2. I think balance is key, but there is certainly nothing wrong with helping kids when they need it, and in fact, I think it’s important for them to learn it’s okay to ask for help. I think there’s a big focus in our culture on independence and self-reliance, which I’m not saying is a negative thing, but I know many people (including myself!) who find it so hard to ask for help, or to express the need for a break when they’re tired, or to show weakness or that they don’t know something. I think it’s good for kids to feel comfortable asking for help; life is tough, but if you don’t have anyone in your life that you can rely on for comfort or assistance, that would be pretty sad and lonely!
    I love your reference to scaffolding (my background is in teaching too) and I think you are right on talking about being present, and providing just a little nudge here and there, but not jumping in to fix things and do it all the ‘right way’. I’m working on that now with my 2 year old. Sometimes the self-restraint is tough, but it’s also great to see him do things on his own (more or less) and see how proud he is of himself 🙂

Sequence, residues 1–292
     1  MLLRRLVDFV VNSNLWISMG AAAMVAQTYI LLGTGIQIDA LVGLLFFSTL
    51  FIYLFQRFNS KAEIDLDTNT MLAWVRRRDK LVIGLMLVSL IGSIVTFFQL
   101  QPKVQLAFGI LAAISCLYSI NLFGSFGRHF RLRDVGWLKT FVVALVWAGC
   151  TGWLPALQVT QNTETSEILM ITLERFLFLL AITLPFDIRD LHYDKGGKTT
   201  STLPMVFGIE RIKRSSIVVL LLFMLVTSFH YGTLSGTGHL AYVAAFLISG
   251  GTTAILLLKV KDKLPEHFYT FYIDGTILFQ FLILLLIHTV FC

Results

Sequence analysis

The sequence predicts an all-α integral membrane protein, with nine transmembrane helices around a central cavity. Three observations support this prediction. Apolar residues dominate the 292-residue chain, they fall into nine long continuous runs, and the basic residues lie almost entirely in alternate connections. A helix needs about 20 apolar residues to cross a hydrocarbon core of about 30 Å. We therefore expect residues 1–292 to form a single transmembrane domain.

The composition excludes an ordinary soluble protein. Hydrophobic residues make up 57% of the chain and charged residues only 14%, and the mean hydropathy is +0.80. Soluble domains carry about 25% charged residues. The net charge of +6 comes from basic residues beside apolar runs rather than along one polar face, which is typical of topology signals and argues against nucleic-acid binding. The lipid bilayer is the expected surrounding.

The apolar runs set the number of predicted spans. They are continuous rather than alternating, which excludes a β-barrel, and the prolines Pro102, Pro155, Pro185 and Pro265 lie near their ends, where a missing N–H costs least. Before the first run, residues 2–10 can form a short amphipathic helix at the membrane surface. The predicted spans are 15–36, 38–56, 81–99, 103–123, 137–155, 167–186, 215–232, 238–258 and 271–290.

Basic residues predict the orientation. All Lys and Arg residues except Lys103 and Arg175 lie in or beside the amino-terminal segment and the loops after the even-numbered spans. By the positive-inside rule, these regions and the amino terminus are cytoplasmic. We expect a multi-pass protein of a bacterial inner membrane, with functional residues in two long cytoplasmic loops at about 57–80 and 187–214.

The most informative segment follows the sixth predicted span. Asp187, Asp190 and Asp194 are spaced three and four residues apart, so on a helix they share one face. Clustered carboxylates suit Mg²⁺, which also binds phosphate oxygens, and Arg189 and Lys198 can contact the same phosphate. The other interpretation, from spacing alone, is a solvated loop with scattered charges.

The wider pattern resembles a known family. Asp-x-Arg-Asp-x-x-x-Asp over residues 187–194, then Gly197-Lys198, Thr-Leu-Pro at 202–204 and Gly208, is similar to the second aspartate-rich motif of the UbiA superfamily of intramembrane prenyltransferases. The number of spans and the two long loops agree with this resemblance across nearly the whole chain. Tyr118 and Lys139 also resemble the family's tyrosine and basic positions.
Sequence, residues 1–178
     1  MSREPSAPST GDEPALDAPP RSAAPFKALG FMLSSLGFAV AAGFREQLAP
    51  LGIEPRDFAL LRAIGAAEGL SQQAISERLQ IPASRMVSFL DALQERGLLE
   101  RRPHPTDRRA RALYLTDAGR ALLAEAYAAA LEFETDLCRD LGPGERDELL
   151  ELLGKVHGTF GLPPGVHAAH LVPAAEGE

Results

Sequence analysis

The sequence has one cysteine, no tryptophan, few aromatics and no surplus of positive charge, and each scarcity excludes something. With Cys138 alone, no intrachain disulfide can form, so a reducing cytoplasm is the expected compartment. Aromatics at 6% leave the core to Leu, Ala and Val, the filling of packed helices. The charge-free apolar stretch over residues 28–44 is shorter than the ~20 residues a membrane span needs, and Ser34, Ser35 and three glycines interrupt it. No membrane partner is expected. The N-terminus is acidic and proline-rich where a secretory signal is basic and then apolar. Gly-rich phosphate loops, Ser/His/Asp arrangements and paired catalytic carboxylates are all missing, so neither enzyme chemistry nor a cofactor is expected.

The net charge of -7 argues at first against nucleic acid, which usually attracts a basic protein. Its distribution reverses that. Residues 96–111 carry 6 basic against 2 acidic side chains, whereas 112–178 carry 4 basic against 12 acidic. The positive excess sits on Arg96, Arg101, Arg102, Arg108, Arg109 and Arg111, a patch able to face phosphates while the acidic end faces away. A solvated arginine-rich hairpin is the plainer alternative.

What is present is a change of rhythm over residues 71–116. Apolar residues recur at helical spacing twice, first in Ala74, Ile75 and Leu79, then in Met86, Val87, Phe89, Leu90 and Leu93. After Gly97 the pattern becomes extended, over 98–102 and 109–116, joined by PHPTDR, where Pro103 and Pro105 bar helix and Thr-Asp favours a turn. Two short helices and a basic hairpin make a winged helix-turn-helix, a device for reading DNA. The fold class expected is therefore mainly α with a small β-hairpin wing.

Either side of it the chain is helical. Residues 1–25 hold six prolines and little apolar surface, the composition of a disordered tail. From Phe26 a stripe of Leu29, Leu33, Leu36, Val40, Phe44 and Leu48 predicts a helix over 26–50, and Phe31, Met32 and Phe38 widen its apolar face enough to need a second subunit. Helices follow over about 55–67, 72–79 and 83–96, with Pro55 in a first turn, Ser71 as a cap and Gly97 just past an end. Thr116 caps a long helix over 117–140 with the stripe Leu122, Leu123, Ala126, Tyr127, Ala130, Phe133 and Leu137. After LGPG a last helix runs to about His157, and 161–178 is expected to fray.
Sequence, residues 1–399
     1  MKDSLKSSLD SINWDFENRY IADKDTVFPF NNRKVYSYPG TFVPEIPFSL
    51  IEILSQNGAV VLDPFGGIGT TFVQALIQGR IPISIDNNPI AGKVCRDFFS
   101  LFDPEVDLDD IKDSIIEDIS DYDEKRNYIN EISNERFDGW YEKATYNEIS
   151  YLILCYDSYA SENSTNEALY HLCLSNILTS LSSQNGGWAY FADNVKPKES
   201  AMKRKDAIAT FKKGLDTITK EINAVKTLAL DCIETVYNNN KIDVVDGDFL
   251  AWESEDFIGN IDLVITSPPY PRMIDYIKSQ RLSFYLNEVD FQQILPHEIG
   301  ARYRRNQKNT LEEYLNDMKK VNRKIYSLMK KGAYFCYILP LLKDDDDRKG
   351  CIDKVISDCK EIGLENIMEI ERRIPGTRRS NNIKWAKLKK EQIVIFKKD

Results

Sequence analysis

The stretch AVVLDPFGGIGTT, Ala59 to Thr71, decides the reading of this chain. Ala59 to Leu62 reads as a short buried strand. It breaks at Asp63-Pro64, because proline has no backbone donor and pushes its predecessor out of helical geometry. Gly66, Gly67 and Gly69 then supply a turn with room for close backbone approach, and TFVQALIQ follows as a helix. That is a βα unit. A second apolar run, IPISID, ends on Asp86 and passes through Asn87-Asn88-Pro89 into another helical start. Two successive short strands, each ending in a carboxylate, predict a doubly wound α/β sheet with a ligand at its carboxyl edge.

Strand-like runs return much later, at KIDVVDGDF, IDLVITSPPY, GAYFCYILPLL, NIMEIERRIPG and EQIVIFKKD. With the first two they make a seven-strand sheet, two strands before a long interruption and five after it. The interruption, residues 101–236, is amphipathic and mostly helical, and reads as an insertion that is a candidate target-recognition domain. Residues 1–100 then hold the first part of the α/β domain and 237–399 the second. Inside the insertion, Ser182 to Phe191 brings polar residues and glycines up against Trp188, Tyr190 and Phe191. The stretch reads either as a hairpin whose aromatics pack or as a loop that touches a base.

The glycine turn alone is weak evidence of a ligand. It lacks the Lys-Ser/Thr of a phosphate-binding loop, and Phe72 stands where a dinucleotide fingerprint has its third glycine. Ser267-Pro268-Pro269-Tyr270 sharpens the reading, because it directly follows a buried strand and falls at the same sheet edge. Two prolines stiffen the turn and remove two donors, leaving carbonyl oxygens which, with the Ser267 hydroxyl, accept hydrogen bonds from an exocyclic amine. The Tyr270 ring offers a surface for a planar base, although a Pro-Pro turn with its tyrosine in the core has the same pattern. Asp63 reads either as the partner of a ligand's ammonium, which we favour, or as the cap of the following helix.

Hope this didn’t get rambly… have had nights of bad sleep with my 4 month old! Anyway, thanks for another great ‘food for thought’ post!

    • I wish the focus from independence would shift towards one of creating inner strength while still being able to reach out for help! I’ve also found it hard to ask for help, and I never thought about how maybe it stemmed from when I was a kid! Thanks for your comment 🙂

  3. I somewhat agree.